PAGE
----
Blanche, like Nancy, took inordinate pleasure in the company of clever men. It has been suggested that these included Bertie Mitford, and that first-hand knowledge of his womanizing was the real reason for the objections to his marrying her daughter.
Again, who knows? What
almost certain is that Bertie had an affair with his sister-in-law Blanche Hozier, whose daughter Clementine bore a strong resemblance to David Mitford. Blanche, who was unhappily married, had several affairs, but apparently admitted to a friend that Clementine was Bertie’s child.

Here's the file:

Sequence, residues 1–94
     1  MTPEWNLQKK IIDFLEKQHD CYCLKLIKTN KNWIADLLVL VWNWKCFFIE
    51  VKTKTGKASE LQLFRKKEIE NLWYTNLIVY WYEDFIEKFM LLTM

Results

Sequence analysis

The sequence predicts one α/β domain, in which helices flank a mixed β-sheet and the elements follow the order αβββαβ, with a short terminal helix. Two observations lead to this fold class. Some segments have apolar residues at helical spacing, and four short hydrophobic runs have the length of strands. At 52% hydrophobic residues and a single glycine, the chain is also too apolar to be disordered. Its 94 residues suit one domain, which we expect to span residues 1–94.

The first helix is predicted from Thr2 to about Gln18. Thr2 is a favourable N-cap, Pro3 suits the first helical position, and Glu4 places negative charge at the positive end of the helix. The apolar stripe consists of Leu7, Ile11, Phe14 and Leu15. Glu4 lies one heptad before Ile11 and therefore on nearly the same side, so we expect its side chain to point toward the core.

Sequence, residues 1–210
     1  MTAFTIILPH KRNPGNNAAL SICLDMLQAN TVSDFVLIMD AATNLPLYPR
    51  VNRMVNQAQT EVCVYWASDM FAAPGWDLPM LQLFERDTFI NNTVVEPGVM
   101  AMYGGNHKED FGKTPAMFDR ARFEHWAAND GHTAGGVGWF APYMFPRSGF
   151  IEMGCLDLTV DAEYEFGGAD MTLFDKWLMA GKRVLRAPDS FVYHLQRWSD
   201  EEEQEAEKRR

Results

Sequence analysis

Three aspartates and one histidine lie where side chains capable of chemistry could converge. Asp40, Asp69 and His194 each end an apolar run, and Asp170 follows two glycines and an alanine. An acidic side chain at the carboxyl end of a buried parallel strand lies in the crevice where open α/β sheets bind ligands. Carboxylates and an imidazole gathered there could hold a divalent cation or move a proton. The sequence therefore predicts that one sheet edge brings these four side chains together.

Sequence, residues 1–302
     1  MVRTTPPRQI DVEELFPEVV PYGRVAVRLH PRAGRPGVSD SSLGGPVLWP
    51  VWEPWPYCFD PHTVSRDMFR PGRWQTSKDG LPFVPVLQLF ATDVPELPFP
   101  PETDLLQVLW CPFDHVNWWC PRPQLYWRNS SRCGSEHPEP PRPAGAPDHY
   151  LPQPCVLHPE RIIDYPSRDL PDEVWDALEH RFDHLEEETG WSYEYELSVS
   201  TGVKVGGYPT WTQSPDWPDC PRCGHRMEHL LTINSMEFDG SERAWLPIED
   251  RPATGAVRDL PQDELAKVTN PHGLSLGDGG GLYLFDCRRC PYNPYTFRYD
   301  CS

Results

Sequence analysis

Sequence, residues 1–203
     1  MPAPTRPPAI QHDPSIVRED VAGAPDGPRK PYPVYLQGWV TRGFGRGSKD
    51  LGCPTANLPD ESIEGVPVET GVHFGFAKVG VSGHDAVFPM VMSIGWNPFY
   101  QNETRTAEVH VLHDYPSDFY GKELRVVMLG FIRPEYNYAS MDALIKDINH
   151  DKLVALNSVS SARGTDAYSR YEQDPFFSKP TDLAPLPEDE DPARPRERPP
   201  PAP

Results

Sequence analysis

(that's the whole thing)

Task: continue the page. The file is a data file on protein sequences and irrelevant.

This inter-familial bed-hopping may have continued in the next generation. Clementine’s husband, Winston Churchill, was said to have had an affair with his sister-in-law Nellie Romilly, whose son Esmond – the future husband of Jessica Mitford – was rumoured to be Churchill’s child. Esmond himself hinted at the truth of this (he did look like Churchill), but he may simply have got a kick out of doing so – the red-flag-waving scourge of the Establishment, son of the First Lord of the Admiralty! As Diana Mosley later quoted, in explanation of Esmond’s provocative behaviour: ‘He only does it to annoy, because he knows it teases...’
Of course the Mitford sisters would not have batted an eyelid at any of this excitable misconduct. They were sophisticates, one and all. Their parents, David and Sydney, did not go in for adultery, but their maternal grandfather, Thomas Gibson Bowles, was made of similar stuff to Bertie Mitford. There was no doubt about